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How do you all consider a point on a rack?

Discussion in 'Beginners' started by BigBore, Jun 7, 2009.

  1. BigBore

    BigBore New Member

    I've always went by the point has to be 1" to make it a point. Others say if you can hang a ring like a wedding band on it that counts as a point. I have a 10 point but at the base of the antlers they are several points that stick out that you can put a ring on it but long away from 1". If I counted them with the ring rule then it would have a 15 point. What do you think a point should be?
     
  2. i think it should have to be an inch
     

  3. BigBore

    BigBore New Member

    Me too but some states consider if you can put a ring on it than that is a point. A lot of people will kill a 6 point but have burrs on it that will hold a ring and they make it a small 9 or 10 point.
     
  4. Russ of V.O.W.T

    Russ of V.O.W.T my Ken Edwards moment

    look at what boone and crocket or pope and young say. Dont they say points are 1" or longer before they are counted ?
     
  5. met

    met New Member

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    i also was told that from the tip of the antler to the middle of the maine beam would count. if it was an inch. this was from a guy who did this for a sports outfit. so maby the ring thing is true.
     
  6. Bobbi Meyer

    Bobbi Meyer I luv to ride my tricycle, I luv to ride my trike

    the length of the point has to be longer than the width of its base, I believe is the standard.
     
  7. DeeCee

    DeeCee New Member

    This is off the Boone and Crockett scoring website

    Point - To be a point the projection must be at least one inch long, with the length exceeding width at one inch or more of length. All points measured from tip of point to nearest edge of beam. The beam tip is also counted as a point, but it is not measured as a “point” since its length is included in total beam length.
     

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  8. DeeCee is right on. That's the best definition to use for counting a point. If you're using arbitrary methods like hanging rings, you could turn a small 8 pointer into a 15 point monster.
     
  9. Russ of V.O.W.T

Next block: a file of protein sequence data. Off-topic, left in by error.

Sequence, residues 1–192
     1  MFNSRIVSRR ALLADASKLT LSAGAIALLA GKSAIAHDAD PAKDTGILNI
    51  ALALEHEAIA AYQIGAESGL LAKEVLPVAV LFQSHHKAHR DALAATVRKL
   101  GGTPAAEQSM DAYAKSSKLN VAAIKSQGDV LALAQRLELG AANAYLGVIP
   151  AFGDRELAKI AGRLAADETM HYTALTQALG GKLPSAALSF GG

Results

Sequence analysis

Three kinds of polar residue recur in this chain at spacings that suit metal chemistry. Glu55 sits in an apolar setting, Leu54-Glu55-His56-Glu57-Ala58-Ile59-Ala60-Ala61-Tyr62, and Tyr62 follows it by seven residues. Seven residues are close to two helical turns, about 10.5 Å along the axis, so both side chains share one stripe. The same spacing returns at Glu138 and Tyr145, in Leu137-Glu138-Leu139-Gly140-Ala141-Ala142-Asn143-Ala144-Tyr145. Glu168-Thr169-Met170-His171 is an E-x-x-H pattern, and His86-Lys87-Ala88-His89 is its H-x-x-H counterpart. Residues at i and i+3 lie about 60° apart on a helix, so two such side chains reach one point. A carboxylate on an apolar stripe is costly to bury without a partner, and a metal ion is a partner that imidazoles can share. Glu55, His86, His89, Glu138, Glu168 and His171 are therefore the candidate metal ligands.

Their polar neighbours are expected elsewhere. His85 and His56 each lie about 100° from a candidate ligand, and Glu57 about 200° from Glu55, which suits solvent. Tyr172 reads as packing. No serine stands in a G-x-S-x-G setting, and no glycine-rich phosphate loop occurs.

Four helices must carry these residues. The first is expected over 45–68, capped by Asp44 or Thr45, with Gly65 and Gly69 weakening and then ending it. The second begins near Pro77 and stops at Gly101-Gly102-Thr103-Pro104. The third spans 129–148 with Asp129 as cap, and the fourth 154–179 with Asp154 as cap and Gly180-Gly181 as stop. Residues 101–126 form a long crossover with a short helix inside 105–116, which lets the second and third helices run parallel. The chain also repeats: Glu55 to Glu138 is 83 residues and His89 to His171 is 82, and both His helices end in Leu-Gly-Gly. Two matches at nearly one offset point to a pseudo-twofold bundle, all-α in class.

Russ of V.O.W.T my Ken Edwards moment

    thats what i thought deecee, thanks for posting it for him.
     
  10. pyeager1

    pyeager1 Active Member

    I go by the 1 inch rule myself. ;)
     
  11. Cole

    Cole Amateur Taxidermist

    Perhaps being a taxidermist has me jaded, but I've never taken the time to count the points on a rack, lol. I suppose if someone asked, I would use Boone and Crockett's system and say it must be an inch, and must be longer than it is wide. Personally, I could care less. Points seem pretty meaningless to me. (I know I am in the minority here)
     
  12. CarlScroggins

    CarlScroggins Oct. 25 1985...It was a good day.

    If it's a customer's deer and you're now scoring it, it's a point if the customer says it is. :)
     
  13. Bowman

    Bowman New Member

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    Funny you say that. I'll mention to someone that I got a good deer in. They'll ask how many points was it.....I have to tell them that I have no Idea...(-:
     
  14. Bobbi Meyer

    Bobbi Meyer I luv to ride my tricycle, I luv to ride my trike

    as a taxidermist, I usually end up looking more at the spread and height than the points, so I know where you're coming from Cole.
    The points aren't important in how you set the ears, or what form you use...it's the width and tallness of the rack that make the difference in what you choose.
     
  15. joeym

    joeym Jeannette & Joey @ Dunn's Falls

    In the SCI measuring course, the instructor told us to get a piece of 1" diameter copper tubing, and cut it 1" long. Slip it over short points, and anything extending past the end of the tube would be a measurable point...ie if 1/8 inch protruded from the tube, then the point would be scored at 1 1/8", if it was even with the end of the tube, it would be 1", if it was less then that, then it is not measurable. There are exceptions to this, for instance, a wide base short point that would not allow the tube to rest on the main beam, but it does assist in determining what is and is not a measurable point.
     
  16. DeeCee

    DeeCee New Member

    No problem Russ. Cole, Bobbii I can see where your from, from a taxidermist point of view. But the hunter in just has to know!!